I’m starting a new series that I hope to come back to on a regular basis. When I have a few of these entries I will put up a page with links to each one so they will be easy to catalog. There are several blog sites that do a very similar theme, forgotten films. I have participated on a few podcasts with one of my on-line friends talking about movies that fall into this category, and perhaps inspired by that, or simply my love for seventies nostalgia, I thought I would start off with this movie.
Islands in the Stream
This has nothing to do with the Kenny Rogers/Dolly Parton hit written by the Bee Gees, although some of the romantic themes in the song could apply to the events in the story if you look had enough. It is based on a posthumously published work by Ernest Hemingway and features a character clearly based on Hemingway himself. Supposedly it was turned down by Steve McQueen but I can’t imagine a more perfect choice for the part than George C. Scott.
The film is set in the Bahamas at the start of WWII. Most of the Caribbean Islands were still British possessions and as such were targets of German U-boat harassment. For the most part, the was is a distant irritation, on the Island here, the main war is an emotional one being fought by an iconoclastic artist and the various people in his life. Thomas Hudson is a renown artist who has given up painting for industrial sculpture. He has retreated from the social scene he occupied at one point to live and work in relative isolation.
Scott as Hudson appears to be something of a misanthrope, in fact as he awaits the arrival of his sons for a summer visit, he actually won’t even go to the plane to fetch them, even though it has been four years since he has seen them. The oldest boy is named after him, Tommy and he is played by future Die Hard White Night Hart Bochner.
Tommy and the youngest boy, Andrew are happy to see their father although they remember him as a stern and cranky man. The middle boy David is the one who has reservations and antagonism toward his father. He and Andrew are the children of Hudson’s second wife, the vest friend of his first wife that he still carries a torch for. David begins his visit with his father in a surly mood and at one point flails out during what was internally a fraternal pillow fight but turns into a moment of physical catharsis. Instead of the stern patriarch, Hudson appears to be a patient man who recognizes that his own failings as a father are haunting his middle boy.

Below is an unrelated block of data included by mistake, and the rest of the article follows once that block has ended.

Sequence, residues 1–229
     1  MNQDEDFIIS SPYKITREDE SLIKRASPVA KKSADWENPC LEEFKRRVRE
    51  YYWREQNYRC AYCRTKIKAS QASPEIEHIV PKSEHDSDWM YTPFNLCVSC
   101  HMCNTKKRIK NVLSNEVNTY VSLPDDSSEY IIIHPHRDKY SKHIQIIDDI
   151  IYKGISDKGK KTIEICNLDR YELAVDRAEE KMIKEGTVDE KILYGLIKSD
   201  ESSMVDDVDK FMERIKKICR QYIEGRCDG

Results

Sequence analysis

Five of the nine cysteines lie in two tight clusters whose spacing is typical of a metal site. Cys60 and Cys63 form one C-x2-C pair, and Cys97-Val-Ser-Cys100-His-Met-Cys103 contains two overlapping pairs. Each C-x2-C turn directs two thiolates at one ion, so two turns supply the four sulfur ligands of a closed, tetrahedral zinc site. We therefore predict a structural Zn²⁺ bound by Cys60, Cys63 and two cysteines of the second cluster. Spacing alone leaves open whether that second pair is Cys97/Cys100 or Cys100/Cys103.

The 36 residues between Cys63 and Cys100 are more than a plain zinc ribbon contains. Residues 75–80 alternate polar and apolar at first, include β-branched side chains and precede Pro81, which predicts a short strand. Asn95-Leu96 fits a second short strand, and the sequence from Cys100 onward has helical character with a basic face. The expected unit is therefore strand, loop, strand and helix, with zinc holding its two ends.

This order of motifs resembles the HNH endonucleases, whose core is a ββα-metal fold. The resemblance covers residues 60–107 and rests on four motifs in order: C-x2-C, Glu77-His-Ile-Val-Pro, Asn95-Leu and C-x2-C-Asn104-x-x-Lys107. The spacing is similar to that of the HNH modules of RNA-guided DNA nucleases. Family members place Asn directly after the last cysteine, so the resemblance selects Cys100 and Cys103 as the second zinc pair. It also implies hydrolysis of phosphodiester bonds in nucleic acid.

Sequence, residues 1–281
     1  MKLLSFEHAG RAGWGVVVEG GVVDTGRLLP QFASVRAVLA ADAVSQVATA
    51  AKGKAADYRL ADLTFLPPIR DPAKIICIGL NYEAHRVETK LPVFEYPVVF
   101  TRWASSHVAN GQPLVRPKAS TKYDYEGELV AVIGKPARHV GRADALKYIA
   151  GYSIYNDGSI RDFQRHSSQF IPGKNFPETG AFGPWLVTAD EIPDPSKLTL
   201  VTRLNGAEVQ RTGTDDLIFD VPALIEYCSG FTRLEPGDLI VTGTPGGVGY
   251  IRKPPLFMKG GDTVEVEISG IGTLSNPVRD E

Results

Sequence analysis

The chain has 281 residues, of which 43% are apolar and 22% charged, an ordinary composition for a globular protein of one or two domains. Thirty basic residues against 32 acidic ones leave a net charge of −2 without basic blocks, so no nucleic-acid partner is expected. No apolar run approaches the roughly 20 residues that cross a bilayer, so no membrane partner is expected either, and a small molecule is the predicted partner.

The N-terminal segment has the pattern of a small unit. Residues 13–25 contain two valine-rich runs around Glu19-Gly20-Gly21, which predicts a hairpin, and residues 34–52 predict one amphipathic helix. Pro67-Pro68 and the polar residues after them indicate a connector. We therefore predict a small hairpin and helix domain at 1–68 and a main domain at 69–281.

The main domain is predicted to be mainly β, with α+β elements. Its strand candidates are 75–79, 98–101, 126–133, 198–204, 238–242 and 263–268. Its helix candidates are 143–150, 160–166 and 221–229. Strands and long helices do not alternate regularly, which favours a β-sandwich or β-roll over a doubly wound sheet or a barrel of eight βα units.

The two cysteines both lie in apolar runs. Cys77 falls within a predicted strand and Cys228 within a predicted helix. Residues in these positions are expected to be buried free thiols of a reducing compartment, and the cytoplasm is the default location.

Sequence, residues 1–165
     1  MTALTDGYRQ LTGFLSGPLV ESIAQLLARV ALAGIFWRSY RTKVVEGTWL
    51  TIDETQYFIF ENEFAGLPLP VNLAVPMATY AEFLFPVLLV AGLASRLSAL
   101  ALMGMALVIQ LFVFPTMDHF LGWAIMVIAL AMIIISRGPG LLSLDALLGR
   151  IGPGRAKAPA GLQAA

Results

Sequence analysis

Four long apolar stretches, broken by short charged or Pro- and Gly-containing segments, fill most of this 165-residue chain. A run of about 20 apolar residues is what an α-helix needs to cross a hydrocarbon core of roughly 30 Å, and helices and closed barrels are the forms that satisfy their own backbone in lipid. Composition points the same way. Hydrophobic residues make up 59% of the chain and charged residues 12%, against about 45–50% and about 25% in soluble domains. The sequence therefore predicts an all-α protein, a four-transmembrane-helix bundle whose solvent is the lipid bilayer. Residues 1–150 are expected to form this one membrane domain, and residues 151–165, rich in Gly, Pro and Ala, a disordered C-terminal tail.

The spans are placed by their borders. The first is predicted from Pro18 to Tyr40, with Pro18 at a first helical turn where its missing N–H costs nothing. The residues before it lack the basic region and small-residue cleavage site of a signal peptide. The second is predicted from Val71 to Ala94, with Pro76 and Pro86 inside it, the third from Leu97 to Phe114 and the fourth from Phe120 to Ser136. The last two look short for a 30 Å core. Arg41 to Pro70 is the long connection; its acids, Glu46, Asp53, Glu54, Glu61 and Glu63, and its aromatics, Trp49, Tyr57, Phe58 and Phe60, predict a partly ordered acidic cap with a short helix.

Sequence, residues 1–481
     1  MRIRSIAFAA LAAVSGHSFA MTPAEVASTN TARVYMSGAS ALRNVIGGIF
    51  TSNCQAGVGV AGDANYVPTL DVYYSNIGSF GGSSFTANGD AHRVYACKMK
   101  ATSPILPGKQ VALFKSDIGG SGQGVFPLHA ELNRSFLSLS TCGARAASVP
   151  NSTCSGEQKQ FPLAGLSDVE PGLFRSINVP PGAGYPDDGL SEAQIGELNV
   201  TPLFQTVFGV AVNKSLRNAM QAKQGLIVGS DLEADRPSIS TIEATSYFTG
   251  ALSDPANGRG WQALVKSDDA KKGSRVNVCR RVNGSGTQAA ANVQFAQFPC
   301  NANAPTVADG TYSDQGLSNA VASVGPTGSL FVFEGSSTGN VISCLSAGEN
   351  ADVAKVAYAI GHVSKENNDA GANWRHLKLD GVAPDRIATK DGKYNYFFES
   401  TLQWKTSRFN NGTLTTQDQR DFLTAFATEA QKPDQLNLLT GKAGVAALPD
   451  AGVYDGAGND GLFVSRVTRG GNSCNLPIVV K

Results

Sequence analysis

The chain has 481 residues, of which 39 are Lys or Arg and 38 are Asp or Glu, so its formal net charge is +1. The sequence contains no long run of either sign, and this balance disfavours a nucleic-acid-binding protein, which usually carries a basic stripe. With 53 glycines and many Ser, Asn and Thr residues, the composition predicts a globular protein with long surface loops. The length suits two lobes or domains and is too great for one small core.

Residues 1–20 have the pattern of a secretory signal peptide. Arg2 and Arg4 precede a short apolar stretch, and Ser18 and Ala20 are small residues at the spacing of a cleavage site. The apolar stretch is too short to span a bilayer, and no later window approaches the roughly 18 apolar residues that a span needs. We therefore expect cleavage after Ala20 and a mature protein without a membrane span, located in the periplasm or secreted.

Reconciliation occurs through a test of physical stamina and mental will when David hooks a large game fish on one of their boating expeditions. In what seems like a very macho Hemingway moment, the fish and the boy tussle for the father’s respect. Scott conveys real emotional sympathy for the boy but understands his need to prove himself. The surprising resolution to the moment is the emotional hear of the movie.
There is an earlier scene where the chaos of the wold intrudes on the idyllic summer of the family. A British freighter is sunk off the shores of the island and debris as well as one human victim wash ashore on the beach near the artist’s house. Hudson manages to keep the boys back away from the dead man but there is some powerful foreshadowing taking place here as he contemplates the fate of his children in a world at war.
There are some locals that make up the crew that surrounds Thomas Hudson in his self imposed exile. David Hemmings plays Eddy, Tom’s close friend and rum soaked partner in the fishing boat charter they apparently own. Eddy becomes a friend to the boys and the voice of gin stoked wisdom at times. His performance is a standout in the film as he conveys a pathetic but confoundingly tragic figure at the same time. Also on hand is Julius Harris as Joseph the Captain of the boat. Harris was an actor I discussed recently on a James Bond Podcast I hosted. His familiar face was a welcome addition and he plays a friendly supporting part rather than the bad guy in this one.
After the interlude with the boys, there is a third act in the film featuring a reunification, at least briefly of Hudson with his first wife. This sets up the final segment where Hudson makes a commitment that he might have resisted before the summer with the kids and the moments with his true love. This is where the adventure element of the movie kicks in. The film does feel like a series of chapters in a book and it is organized that way for us as well. This may explain the reason that the film feels so satisfying to me, because like a lot of seventies movies, it is a thing unto itself. If you read the copy on the poster at the start of this post, you may laugh at the blatant attempt to market the film as something special. It feels old fashioned, even in 1977 when the film was released. However, it worked on me. This slow film about a man coping with a world he made and one that he has avoided, hooked me with it’s cinematography, sentimentality and a score by Jerry Goldsmith that is absolutely beautiful.